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Penn State Football: Collins, McGloin, Hack are Passed, Present & Future NFL QBs

by on September 05, 2014 12:50 AM

This week is the most perfect of storms in the history of Penn State pro quarterbacks:

And we’re talking PSU NFL QBs passed, present and future.

On Saturday in Dublin, Christian Hackenberg completed over four football fields' worth of passes to set a school record and lead Penn State to a 26-24 comeback victory over Central Florida. And that was before most folks had their second Bloody Mary or third cup of Irish coffee.

Later that day, an ocean and a continent away in Oakland, Calif., Matt McGloin got word that he had made the Raiders' NFL roster. Again.

This Saturday, when Hackenberg and Penn State face Akron in Penn State’s 2014 home opener in Beaver Stadium, Kerry Collins and his teammates from the Nittany Lions’ magnificent 12-0 1994 team will be honored.

And let’s assume Penn State’s starter at quarterback is just 23 or 25 games away from an early jump to the NFL. (Which would make Ohio State on Oct. 25 the midpoint, at a bowl-returning best, of Hackenberg's PSU career. Yikes.)  Allowing Hackenberg a year or two to become his pro team’s No. 1 quarterback, that would make only three Penn State quarterbacks who started an NFL game in a quarter of a century.

Kerry, McG, Hack. Three unlikely peas in a pod.

McGloin, for one, couldn’t be happier about Collins getting his due once again, two decades, 23.3 miles of passing yardage and one Super Bowl appearance later. McGloin remembers meeting Collins prior to Penn State’s game against Ohio State in 2012.

“That was the first time I ever met him,” McGloin recalled by telephone from California earlier this week. “It was awesome. Back then, it was hard to fathom that he’s Kerry Collins and he played the same position I did – quarterback at Penn State. It was awesome talking with him, being around him and meeting him. It was definitely a great honor for me.”

10 STARTERS, 180 STARTS 

There were 10 degrees of Penn State starting quarterbacks separation between Collins, whose last start was a 38-20 blowout over Oregon in the 1995 Rose Bowl, and McGloin’s first start as a Penn State QB, a 41-31 win over Michigan in 2010. (A week later he threw four TD passes to lead Penn State to a stunning comeback 35-21 victory over Northwestern, giving Joe Paterno Win No. 400.)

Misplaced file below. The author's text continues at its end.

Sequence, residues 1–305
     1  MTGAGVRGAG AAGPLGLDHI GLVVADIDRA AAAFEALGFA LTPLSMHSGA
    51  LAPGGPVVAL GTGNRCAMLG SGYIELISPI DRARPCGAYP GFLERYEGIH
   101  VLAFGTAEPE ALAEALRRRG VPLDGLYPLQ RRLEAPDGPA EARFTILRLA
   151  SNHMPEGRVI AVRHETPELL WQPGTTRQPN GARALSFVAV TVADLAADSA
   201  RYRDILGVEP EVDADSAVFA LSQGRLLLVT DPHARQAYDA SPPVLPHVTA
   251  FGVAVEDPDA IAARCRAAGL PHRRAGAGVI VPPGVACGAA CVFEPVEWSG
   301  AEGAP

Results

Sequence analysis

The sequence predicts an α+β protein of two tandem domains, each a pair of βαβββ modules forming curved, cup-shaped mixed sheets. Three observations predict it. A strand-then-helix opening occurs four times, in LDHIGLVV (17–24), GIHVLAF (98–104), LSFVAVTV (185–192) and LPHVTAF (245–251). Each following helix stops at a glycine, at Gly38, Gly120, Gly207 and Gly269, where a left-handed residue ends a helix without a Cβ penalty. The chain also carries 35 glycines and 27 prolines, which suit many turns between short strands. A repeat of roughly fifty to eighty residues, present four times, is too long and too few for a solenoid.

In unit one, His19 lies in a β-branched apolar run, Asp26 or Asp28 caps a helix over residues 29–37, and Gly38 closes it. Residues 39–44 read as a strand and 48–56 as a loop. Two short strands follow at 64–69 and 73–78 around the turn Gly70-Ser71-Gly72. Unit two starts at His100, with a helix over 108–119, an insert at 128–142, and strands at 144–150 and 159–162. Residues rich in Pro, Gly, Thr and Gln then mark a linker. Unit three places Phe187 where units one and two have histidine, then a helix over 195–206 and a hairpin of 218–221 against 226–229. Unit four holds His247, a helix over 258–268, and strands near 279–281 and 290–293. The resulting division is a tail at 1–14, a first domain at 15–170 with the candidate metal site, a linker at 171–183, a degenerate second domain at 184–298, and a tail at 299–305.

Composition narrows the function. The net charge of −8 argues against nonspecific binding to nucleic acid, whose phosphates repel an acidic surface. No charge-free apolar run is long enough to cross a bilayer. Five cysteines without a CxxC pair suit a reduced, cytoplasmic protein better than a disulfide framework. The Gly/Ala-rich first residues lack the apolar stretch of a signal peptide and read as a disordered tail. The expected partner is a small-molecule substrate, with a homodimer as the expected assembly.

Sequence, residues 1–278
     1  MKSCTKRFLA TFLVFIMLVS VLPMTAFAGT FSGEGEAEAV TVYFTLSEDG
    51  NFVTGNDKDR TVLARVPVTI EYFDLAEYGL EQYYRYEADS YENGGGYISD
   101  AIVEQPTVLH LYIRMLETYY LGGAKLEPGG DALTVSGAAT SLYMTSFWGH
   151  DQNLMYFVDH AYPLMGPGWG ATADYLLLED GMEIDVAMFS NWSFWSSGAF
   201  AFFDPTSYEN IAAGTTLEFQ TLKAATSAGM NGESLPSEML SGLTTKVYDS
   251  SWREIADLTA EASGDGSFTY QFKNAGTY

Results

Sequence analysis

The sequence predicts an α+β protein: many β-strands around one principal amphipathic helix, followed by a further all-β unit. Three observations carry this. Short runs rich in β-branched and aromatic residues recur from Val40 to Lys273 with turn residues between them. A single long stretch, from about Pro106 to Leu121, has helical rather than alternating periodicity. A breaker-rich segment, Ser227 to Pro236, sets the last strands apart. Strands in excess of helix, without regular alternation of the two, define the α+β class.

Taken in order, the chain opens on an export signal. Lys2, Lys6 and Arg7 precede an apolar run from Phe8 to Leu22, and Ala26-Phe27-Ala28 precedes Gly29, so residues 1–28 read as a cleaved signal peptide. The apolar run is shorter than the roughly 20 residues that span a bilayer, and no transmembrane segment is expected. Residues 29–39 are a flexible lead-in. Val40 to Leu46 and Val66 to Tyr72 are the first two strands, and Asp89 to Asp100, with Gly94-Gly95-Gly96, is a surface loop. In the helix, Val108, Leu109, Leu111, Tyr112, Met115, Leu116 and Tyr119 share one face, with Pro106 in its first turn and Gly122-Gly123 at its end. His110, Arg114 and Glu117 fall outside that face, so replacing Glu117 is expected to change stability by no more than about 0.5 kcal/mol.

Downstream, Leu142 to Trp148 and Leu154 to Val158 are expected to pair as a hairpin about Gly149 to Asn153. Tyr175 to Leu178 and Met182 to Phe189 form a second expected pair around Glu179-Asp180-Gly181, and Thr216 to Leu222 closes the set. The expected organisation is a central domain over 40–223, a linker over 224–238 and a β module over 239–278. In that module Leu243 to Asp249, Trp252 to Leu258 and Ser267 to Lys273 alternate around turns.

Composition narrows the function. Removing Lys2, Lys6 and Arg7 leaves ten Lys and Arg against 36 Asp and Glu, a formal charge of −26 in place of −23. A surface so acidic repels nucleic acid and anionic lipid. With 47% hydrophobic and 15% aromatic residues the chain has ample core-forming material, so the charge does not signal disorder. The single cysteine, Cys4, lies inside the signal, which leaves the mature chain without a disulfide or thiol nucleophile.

It was 180 starts between Penn State starting quarterbacks who went on to start in the NFL. Very (very) likely, there will be zero college starts between the next set of Penn State quarterbacks who make it in the NFL.

Let’s do the math: In between Collins and McGloin, there was Wally Richardson (20-5 as a starter), Mike McQueary (9-3), Kevin Thompson (18-6), Rashard Casey (6-7), Matt Senneca (4-3), Zack Mills (16-21), Michael Robinson (12-7), Anthony Morelli (18-8), Daryll Clark (22-4) and Robert Bolden (11-5). None made it in the NFL as a starting quarterback. Robinson lasted nine NFL seasons as a stalwart blocking fullback and special teams player. MRob completed just 1 of 2 passes in the NFL, a 28-yarder for Seattle in 2010, which gave him an exemplary 118.8 passing efficiency rating that season.

Richardson played one regular-season game for the Baltimore Ravens in 1998, completing one of two passes for a yard, and ran once for no gain. In 2000, Thompson played one game at QB for Cleveland and completed his only pass attempt for eight yards. Thompson ran once and fumbled the ball, but it was recovered.

That’s it. Yeah, that surprises McGloin, too. 

“You wouldn’t think that would happen in a Division I program for that long of a time,” McGloin said. “After Kerry, there were a lot of talented guys who went through that program. Talent is always going to be at Penn State at every single position.”

“It took Bill O’Brien and Charlie Fisher to get there, to give me the keys, to lead me,” he said, crediting his 2012 Penn State head coach and quarterback coach, respectively. “They taught me things that I didn’t even know existed. They prepared me and I went out and performed. Now I see how it happened. That senior year made it so much easier for me to transition into the NFL, which is the reason I’m still here.”

HIS OWN McMAN

It’s time to give McGloin his props, here and now. As an undrafted rookie in 2013, he started six games for the Raiders. OB and Fish were nowhere to be found at that point. In his very first pro start, McGloin threw two first-quarter touchdown passes and finished with 197 yards and three TDs in a 28-23 win over Houston – the team that O’Brien will be leading as an NFL rookie head coach.